Gratitude

I’ve been feeling…I’m not sure the word. Mentally floppy. All over the place. Spread unevenly. A little lost.

I’m trying to change my mental attitude. This is yoga: Vitarke Badhane Pratipaksha Bhavanam: When doubt arises, cultivate the opposite mental attitude. It’s been, for years, the yoga sutra that speaks to me the loudest. It works for more than doubt, of course.

I am grateful for all of my first world-liness. I do not have to worry that my children will die of starvation or diseases (actually, I do worry that my children will die of diseases, since so many people have stopped vaccinating their children, but that is a different conversation for a different day). I do not have to worry about freezing to death in the cold weather or even not being able to dress appropriately for the weather.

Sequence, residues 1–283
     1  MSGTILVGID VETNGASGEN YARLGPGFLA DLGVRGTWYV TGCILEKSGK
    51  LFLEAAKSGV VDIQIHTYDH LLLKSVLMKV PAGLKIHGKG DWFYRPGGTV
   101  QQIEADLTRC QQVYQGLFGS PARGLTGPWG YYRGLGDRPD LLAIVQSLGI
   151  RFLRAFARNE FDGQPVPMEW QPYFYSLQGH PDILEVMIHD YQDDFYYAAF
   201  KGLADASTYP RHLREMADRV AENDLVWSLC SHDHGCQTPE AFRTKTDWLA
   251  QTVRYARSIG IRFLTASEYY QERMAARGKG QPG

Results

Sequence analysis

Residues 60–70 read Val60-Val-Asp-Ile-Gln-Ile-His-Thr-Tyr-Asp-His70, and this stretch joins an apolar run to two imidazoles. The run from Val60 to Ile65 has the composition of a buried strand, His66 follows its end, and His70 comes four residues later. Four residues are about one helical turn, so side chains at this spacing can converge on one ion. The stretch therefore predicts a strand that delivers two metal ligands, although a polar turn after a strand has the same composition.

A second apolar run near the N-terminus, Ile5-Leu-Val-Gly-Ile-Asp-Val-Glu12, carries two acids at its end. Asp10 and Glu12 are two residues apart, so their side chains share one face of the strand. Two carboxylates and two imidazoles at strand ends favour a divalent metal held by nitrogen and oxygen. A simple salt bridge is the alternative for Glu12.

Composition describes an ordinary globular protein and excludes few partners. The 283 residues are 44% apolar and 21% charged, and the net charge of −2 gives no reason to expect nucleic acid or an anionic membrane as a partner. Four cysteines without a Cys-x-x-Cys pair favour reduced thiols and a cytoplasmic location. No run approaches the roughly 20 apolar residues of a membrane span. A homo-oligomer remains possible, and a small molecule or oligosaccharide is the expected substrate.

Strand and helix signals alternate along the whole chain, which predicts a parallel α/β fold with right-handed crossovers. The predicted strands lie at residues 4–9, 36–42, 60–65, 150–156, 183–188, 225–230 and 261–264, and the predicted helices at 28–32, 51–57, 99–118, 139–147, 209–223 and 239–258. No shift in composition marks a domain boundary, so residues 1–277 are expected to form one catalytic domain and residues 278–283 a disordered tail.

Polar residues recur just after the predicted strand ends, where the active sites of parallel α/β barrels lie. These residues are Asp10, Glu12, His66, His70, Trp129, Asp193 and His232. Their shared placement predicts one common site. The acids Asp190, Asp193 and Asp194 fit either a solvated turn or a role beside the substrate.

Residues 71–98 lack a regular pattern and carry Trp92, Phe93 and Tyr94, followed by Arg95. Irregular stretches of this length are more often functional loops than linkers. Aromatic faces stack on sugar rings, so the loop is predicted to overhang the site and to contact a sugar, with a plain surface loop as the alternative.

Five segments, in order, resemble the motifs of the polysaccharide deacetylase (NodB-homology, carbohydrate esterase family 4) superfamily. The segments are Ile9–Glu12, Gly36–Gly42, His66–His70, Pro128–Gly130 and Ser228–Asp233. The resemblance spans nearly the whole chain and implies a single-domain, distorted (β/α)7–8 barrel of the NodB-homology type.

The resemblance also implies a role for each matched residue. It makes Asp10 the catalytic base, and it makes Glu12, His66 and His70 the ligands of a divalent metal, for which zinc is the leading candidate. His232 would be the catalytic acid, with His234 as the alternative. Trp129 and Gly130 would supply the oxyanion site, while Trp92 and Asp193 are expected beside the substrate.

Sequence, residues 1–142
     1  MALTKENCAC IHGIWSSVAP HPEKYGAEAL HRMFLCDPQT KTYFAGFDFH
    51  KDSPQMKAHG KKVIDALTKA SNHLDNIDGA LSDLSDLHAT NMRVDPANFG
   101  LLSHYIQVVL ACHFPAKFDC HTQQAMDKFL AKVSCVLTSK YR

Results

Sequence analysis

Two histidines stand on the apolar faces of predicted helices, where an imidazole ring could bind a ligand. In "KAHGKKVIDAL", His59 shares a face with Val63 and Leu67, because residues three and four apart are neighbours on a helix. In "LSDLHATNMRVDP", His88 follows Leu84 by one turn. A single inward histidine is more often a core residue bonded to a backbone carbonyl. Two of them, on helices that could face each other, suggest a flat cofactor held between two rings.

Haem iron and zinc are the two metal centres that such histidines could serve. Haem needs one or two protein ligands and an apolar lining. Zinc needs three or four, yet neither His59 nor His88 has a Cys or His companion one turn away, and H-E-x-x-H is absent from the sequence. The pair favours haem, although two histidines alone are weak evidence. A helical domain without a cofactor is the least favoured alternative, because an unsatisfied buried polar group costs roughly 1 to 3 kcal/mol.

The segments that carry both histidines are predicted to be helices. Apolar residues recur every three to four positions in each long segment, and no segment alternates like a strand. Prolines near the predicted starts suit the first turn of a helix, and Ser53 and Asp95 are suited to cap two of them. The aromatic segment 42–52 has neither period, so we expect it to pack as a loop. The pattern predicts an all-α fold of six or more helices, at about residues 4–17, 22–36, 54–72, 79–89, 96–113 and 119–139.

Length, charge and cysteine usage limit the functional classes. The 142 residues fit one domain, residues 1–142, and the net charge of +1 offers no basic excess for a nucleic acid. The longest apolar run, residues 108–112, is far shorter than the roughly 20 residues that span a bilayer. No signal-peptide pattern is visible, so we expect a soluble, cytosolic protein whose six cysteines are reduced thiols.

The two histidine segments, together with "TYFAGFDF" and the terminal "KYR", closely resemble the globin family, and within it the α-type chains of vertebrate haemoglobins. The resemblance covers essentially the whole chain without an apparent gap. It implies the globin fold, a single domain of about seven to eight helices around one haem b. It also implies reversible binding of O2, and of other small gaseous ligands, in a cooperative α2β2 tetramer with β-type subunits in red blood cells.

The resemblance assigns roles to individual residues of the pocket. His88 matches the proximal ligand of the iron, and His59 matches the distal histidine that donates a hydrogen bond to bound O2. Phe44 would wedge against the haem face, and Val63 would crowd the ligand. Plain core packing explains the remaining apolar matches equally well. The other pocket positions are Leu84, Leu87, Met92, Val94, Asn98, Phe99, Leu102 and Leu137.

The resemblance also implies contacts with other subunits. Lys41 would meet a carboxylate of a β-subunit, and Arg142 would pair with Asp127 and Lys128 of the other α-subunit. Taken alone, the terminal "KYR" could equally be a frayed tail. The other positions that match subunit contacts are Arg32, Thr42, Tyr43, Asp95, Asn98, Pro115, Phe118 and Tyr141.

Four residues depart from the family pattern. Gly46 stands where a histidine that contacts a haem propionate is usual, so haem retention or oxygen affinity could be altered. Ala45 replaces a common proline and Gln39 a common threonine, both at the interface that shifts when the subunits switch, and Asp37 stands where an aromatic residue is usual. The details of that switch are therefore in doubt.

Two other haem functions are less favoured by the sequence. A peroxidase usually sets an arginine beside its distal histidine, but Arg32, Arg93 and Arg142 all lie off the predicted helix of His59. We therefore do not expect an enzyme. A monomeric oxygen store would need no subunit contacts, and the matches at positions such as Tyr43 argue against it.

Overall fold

This doesn’t mean I am free from worries or concerns. It doesn’t take away my experience. But I want to work on cultivating a different mental attitude, especially since my basic and above basic needs are met. Instead of swimming around in the muck, I’d like to emerge from it onto the shore. It’s still there, but I don’t have to let it drown me, right?

So: 3 things I am grateful for.

  1. Yoga. I got to go to class with my teacher last week, and after a few poses she said, once my shoulders we back and my spine uplifted, “there’s the Vicki we know and love!” I was there all along, and I always am.
  2. Eating together. My growing up family and my married into family eats together. It’s nice to sit together regularly and talk about things large and small.
  3. Quiet. At the end of the day, everyone is asleep and it’s quiet for a little bit before I go to sleep. It reminds my mind to be quiet too.

What are you grateful for? How do you keep yourself from getting stuck in the complaints?